This is not Quaranthropology but it is a continuation of the story:

I like how in his films, Tarantino uses stories as a means of identification: this is my story, this is who I am, this is what I want and this is why you should trust me. But then there’s also a serious danger in that: What if I’m just a good storyteller but a very unreliable narrator? And what if I’m carrying a gun? What if I’m an undercover True Detective?

The plumber told me that his wife had passed away 2 years ago and he is now in quarantine with two teenage daughters. Well, not really in quarantine with them because he’s actually very busy with work so he can’t really be sure his daughters are quarantining. He suspected they were unreliable narrators but this wasn’t such a big deal to him since he doesn’t believe in Covid anyway.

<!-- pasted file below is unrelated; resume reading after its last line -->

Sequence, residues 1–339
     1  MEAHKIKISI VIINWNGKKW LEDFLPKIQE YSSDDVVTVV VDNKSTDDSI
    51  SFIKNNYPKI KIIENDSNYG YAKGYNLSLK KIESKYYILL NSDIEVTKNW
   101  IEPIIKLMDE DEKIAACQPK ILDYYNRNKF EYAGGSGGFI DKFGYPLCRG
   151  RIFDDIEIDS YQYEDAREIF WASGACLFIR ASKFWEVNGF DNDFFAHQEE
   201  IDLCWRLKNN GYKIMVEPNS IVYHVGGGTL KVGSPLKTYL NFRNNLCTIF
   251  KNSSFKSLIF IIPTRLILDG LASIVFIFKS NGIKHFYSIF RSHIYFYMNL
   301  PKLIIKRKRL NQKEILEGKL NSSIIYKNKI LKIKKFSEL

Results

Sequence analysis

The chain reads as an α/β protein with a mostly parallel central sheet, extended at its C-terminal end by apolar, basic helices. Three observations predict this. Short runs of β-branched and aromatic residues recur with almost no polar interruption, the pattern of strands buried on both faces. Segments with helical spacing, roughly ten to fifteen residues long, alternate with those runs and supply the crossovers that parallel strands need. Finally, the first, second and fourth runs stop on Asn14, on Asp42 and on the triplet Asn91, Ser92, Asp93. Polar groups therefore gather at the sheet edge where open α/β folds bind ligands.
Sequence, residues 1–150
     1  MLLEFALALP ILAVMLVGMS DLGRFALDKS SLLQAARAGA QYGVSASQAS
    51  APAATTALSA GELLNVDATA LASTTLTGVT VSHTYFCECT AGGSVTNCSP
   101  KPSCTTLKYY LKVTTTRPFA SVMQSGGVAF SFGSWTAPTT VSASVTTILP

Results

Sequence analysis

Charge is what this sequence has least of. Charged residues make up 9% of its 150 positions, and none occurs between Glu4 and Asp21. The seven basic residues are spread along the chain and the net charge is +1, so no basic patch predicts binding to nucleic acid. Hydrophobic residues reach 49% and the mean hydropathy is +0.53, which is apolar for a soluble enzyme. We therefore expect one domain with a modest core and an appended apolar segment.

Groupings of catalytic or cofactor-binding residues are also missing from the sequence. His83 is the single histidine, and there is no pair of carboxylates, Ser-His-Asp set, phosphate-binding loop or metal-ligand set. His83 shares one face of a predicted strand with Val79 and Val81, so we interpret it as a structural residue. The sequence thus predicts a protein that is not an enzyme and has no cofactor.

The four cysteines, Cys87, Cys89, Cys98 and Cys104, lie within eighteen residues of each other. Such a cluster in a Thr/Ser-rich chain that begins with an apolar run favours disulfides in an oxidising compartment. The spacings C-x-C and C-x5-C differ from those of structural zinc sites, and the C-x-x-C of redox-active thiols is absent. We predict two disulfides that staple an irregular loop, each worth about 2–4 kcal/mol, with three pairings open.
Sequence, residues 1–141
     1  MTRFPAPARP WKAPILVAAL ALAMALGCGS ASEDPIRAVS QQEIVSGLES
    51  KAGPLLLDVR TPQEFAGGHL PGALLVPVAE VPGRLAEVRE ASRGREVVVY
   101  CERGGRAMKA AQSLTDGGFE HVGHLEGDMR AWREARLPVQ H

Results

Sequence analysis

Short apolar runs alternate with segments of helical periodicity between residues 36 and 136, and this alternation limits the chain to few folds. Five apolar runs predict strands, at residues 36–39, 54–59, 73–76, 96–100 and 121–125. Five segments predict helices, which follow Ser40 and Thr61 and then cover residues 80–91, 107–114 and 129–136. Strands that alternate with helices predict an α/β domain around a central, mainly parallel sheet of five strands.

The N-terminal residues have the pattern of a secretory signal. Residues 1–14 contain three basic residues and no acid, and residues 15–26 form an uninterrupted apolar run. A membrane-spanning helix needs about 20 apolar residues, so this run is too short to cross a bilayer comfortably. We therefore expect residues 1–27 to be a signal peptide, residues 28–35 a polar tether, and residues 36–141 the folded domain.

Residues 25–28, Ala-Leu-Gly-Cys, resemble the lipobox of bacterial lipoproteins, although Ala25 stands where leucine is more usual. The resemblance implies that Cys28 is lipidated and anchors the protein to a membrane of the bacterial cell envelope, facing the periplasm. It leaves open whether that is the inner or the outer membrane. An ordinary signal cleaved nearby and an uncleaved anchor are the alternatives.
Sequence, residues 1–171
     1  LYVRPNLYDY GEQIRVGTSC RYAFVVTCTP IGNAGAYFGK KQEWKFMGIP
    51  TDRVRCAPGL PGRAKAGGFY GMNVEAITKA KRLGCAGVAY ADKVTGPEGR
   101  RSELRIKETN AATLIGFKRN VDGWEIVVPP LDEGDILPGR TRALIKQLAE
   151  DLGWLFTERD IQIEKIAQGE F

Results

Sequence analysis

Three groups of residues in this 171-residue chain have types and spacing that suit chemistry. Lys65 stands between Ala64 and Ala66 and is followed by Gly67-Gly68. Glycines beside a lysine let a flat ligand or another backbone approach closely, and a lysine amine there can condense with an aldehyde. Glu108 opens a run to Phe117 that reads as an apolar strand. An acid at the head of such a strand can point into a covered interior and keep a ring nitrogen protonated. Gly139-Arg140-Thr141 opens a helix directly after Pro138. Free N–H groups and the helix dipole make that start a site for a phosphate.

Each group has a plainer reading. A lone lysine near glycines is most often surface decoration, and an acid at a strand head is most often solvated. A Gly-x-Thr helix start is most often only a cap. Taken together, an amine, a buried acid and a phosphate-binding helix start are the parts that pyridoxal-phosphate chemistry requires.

As a good anthropologist, I pretended to be very naive and asked him to tell me what he thought of Boris getting Covid. He said it was all a publicity stunt, nothing to be trusted. He himself was not naive and wasn’t getting fooled by Boris.

In the end, the one thing that he and I definitely agreed on was that Boris himself was an unreliable narrator and even a bad storyteller.

So where is the place for truth in all this? Does truth require reliable narrators, good storytellers, audiences who are not willing to suspend disbelief? All of the above? Or is truth the truth even without any of these?

Back to quaranthropology, real quaranthropology: I’m interested trust – what it is, how it works, how it gets eroded and what the consequences of that erosion of trust are. Recently, I’ve been hearing so many conspiracy theories, so many expressions of mistrust and paranoia and have been becoming increasingly distrustful myself. And yet, we go on, recalibrating how we trust: some go trusting their gut, some trust science, some trust trustworthy individuals, some trust God. I’m not going to ask: who do you trust, I’m going to ask: HOW do you trust?